As surveillance issues continually surface surrounding government policies and other operations around the world, the fears, intentions and suspicions around the gathering of data and the loss of privacy are contested.
While ‘big data’ is a buzzword and information becomes progressively more accessible to businesses, the loss of privacy with the tracking of personal information is often a concern leading to protest.
Richard Stallman, the father of the free software movement, refuses to use any database which can access his details and keep a record of his doings.
Practicing what he preaches, Stallman does not believe a cashless society can be seen as progress.
Data can provide great insight into consumer behaviour and other patterns from which product and service development can benefit in providing effective solutions.
However, if the consumer feels invaded by measuring tools or bombarded with marketing schemes by brands, the progress made by an attempt to provide effective solutions has a reversed effect on the target market.
Increased knowledge means power, but the privileged position of knowing should be managed in a responsible way to ensure authority does not infringe on the public’s privacy.
Transparency is a distinct characteristic of the digital society and is central to the reputation of any brand or establishment’s reputation as a trustworthy public name.
The lines of public and private are often blurred, but cannot completely disappear until there is a mutual feeling of trust between the two.
If merging the two is viewed as progress, information about the movements and choices of the individual is no longer considered as confidential, but rather becomes public property.
Apart from respecting privacy, the question is: Does the average individual feel exposed because of insecurity about personal choices or because of a lack of trust in those who obtain information about them?
In the majority of cases, collaboration is the key to constructive progress.
If clear boundaries can be agreed upon to protect the consumer against data predators who want to control or steer consumer progress with hidden motives intended for selfish gains, trust can be built as a key factor to progressive relationship building between brand or institution, be it government, agency or corporate establishment.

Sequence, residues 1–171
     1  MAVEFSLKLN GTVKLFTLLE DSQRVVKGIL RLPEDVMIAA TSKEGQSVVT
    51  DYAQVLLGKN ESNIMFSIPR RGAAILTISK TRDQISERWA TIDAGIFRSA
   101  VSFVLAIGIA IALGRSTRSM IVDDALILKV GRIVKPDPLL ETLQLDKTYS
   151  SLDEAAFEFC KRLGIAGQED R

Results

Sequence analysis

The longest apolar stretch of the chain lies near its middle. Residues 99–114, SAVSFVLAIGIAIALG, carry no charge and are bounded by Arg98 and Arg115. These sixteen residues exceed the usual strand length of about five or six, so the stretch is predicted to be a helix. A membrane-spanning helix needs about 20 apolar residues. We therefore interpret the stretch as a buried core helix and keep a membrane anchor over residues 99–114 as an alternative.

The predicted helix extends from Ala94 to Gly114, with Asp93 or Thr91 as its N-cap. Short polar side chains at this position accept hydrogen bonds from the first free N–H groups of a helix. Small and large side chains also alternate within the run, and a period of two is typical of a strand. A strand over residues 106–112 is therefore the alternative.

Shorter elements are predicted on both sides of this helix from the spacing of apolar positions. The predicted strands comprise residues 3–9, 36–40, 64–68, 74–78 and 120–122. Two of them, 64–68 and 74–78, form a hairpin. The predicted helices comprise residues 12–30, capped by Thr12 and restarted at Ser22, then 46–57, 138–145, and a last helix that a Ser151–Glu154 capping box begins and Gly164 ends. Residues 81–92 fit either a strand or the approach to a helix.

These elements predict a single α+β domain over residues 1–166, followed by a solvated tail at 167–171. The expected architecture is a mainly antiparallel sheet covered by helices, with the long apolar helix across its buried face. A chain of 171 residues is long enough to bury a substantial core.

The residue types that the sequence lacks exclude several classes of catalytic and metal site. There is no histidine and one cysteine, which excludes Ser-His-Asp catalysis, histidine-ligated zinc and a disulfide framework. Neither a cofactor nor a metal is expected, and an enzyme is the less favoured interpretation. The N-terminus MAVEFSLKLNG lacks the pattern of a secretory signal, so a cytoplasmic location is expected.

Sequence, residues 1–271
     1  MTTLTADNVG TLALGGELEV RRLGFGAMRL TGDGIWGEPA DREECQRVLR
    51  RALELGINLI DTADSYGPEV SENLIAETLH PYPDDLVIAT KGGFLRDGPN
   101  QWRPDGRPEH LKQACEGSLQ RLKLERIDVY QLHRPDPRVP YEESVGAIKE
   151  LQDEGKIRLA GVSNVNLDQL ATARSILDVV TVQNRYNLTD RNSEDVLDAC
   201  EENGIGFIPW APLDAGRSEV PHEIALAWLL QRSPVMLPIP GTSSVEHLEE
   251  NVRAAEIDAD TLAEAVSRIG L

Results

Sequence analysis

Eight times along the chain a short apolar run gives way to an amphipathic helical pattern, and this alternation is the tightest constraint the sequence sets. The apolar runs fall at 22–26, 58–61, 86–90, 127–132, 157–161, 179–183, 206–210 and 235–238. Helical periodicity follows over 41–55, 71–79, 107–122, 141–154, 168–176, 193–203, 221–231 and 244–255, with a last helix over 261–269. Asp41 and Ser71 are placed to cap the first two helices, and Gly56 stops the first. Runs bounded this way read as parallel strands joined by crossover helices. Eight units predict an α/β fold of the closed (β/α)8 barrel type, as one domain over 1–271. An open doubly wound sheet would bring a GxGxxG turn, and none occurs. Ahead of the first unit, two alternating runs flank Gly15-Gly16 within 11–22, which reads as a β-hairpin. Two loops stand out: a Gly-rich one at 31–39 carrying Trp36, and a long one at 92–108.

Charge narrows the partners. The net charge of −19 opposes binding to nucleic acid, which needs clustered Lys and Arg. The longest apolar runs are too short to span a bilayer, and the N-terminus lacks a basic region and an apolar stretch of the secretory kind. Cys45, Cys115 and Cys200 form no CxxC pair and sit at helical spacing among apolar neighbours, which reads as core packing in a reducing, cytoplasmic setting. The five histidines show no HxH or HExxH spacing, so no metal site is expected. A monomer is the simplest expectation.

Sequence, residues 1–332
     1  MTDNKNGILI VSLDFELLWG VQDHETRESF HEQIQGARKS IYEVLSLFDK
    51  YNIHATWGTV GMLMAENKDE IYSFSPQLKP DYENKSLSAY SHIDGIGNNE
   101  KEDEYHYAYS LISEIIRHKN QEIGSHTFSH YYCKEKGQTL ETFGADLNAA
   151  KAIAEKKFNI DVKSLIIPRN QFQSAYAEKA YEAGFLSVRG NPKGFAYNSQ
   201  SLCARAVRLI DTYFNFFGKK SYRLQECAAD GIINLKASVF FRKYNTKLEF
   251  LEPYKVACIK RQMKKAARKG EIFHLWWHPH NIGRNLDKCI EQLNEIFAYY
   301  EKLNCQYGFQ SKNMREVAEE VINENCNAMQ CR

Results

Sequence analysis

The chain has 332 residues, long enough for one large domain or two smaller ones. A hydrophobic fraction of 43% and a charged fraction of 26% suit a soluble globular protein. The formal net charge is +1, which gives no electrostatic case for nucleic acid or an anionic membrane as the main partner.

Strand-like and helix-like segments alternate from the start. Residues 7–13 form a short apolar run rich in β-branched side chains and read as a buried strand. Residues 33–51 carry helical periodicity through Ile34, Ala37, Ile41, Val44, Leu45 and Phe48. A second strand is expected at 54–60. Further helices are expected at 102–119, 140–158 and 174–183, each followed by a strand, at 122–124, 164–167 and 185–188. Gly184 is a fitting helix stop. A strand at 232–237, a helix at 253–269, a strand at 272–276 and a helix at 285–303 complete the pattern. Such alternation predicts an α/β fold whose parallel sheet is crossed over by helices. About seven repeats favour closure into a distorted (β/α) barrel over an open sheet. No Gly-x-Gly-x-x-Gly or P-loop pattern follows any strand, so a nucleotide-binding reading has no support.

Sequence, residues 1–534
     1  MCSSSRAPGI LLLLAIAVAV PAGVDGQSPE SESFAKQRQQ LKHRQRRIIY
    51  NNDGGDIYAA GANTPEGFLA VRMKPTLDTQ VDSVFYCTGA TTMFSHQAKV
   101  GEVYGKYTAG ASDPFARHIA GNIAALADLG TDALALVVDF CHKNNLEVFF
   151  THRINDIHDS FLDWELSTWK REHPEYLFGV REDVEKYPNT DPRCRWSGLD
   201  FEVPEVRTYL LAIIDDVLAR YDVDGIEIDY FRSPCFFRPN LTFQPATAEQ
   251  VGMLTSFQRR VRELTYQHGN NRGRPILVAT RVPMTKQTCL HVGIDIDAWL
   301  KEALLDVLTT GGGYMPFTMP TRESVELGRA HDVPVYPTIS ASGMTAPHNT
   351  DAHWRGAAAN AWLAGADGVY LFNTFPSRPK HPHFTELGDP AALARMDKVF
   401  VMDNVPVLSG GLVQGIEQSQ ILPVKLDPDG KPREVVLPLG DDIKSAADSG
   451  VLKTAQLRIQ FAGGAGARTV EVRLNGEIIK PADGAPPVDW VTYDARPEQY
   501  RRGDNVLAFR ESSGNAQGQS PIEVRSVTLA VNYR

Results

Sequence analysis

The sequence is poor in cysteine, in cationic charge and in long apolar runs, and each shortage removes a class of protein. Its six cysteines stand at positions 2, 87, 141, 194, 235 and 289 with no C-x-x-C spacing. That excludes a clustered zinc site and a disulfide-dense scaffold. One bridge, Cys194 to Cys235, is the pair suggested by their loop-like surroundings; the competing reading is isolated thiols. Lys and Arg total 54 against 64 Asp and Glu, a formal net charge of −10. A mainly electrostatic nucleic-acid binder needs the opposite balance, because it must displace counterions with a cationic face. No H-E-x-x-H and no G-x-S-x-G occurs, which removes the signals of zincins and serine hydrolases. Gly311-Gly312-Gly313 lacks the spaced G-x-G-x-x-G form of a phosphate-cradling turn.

While the consumer may agree to make more information available about preferences, the recipient of the data will be relied upon to use the insight for meeting needs more effectively and gaining organically generated, sustainable income and solutions to challenges hampering society.
Both the private and public spheres can benefit from sharing with a relationship geared towards a society progressing towards understanding communities.
The Stellenbosch Innovation District (SID) is planning such a movement where tech solutions will be combined to serve Stellenbosch as a greater community, by considering the needs of different areas and using information of different sectors to establish a self-sustainable ecosystem by creating a supporting infrastructure around it.
HumanIPO recently launched the HumanIPO Academy where stakeholders of the tech industry are invited to participate in a variety of events to network, learn and build relationships by using its contacts and information gained to benefit the ecosystem.
At the end, the party with a policy of honesty and a vision for adding value to individuals as puzzle pieces of the greater society, is the side that wins in the long run.
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